Journal of Ethology

, Volume 25, Issue 3, pp 249–254

Development of preference for baby faces across species in humans (Homo sapiens)

  • Wakako Sanefuji
  • Hidehiro Ohgami
  • Kazuhide Hashiya
Article

DOI: 10.1007/s10164-006-0018-8

Cite this article as:
Sanefuji, W., Ohgami, H. & Hashiya, K. J Ethol (2007) 25: 249. doi:10.1007/s10164-006-0018-8

Abstract

Previous studies have revealed that there is a close relationship between the strength of an infant’s baby schema and the degree of its perceived cuteness. The present study investigated the development of preference for baby schema in humans by examining the recognition of the cuteness of baby faces; two studies were conducted to examine whether children’s evaluation of cuteness differed from that of adults. Facial photographs not only of humans (Homo sapiens), but a chimpanzee (Pan troglodytes), rabbits (Oryctolagus cuniculus), dogs (Canis familiaris) and cats (Felis sylvestris catus) at different ages were used as stimuli. The volunteers were requested to rank these photographs in order of cuteness. Study 1 suggested that there was a range of period during which adults perceived the faces of these five species to be the cutest. Study 2 indicated that children’s judgment of cuteness closely corresponded to that of the adults. In conclusion, the preference for baby schema is observed in humans even before they get to be sexually mature enough to reproduce. Childhood preference for baby schema might be the basis of social learning, including caretaking behaviors.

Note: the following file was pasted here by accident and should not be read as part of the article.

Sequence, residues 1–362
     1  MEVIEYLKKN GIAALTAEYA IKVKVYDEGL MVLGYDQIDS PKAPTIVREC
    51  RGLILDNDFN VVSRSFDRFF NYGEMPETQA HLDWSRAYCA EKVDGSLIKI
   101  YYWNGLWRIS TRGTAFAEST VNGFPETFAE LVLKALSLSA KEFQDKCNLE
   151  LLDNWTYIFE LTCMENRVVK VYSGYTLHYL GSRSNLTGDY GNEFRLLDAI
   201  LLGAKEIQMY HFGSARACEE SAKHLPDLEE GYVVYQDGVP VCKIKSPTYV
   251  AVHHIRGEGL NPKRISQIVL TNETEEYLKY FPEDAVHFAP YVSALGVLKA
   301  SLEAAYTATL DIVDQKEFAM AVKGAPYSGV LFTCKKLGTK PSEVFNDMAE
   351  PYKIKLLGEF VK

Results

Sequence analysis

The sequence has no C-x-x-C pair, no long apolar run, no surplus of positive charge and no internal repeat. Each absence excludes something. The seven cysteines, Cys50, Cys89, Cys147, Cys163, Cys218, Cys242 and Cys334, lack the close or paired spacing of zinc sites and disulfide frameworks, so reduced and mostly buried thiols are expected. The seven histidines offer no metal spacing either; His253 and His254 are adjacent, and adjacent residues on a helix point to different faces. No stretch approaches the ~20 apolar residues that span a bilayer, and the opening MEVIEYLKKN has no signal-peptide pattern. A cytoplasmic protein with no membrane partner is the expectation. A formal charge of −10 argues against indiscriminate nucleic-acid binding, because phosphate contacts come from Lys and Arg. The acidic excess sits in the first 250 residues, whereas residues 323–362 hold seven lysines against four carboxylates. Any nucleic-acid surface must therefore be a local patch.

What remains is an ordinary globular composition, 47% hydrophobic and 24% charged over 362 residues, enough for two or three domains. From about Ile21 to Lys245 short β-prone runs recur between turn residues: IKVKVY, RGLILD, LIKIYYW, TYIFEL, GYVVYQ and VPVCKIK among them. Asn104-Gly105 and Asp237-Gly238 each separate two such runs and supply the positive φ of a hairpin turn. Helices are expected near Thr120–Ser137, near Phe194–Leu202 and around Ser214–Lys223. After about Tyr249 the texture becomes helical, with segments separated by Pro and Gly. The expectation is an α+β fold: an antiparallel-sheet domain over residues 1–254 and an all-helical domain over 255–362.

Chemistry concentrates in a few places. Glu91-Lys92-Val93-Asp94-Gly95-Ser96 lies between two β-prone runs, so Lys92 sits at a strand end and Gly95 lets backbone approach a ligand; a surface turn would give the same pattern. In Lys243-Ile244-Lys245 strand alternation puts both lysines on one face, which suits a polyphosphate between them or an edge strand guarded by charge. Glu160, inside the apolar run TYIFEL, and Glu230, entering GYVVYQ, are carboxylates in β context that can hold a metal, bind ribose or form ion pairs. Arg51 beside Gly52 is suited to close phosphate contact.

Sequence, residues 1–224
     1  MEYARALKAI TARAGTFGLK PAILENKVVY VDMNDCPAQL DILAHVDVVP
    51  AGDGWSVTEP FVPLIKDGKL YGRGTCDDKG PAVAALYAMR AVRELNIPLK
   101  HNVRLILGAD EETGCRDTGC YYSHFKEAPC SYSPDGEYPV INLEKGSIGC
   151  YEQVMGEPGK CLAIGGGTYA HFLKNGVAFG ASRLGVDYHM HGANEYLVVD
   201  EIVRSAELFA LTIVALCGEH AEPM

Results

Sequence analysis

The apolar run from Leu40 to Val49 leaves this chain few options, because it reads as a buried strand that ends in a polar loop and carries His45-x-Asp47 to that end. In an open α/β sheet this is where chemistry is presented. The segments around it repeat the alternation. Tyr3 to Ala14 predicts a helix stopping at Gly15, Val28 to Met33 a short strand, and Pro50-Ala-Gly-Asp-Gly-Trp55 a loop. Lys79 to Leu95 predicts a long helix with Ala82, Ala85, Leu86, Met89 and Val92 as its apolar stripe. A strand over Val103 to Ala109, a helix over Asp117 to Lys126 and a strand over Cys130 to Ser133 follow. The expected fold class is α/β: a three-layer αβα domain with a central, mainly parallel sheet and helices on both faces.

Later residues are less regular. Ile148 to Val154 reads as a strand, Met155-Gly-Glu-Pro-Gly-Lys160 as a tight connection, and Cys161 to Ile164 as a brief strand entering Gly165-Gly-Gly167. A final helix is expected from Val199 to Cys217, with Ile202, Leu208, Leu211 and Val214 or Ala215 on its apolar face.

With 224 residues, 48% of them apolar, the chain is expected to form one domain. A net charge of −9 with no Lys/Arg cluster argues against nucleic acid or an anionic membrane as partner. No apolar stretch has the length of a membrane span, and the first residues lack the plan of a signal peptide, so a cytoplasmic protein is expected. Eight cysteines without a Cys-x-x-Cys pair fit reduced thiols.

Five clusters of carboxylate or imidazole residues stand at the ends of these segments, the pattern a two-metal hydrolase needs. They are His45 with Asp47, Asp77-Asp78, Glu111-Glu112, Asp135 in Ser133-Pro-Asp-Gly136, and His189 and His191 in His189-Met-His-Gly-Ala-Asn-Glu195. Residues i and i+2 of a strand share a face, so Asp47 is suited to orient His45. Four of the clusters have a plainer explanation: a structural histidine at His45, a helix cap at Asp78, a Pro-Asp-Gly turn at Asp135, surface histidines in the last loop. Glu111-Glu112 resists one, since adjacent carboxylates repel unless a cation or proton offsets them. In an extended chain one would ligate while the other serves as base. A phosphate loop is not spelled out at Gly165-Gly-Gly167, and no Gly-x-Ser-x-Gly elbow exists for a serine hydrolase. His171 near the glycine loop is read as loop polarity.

Keywords

Baby schemaPreferenceCutenessHumanCross-species

Copyright information

© Japan Ethological Society and Springer 2006

Authors and Affiliations

  • Wakako Sanefuji
    • 1
  • Hidehiro Ohgami
    • 2
  • Kazuhide Hashiya
    • 2
  1. 1.Graduate School of Human-Environment StudiesKyushu UniversityFukuokaJapan
  2. 2.Faculty of Human-Environment StudiesKyushu UniversityFukuokaJapan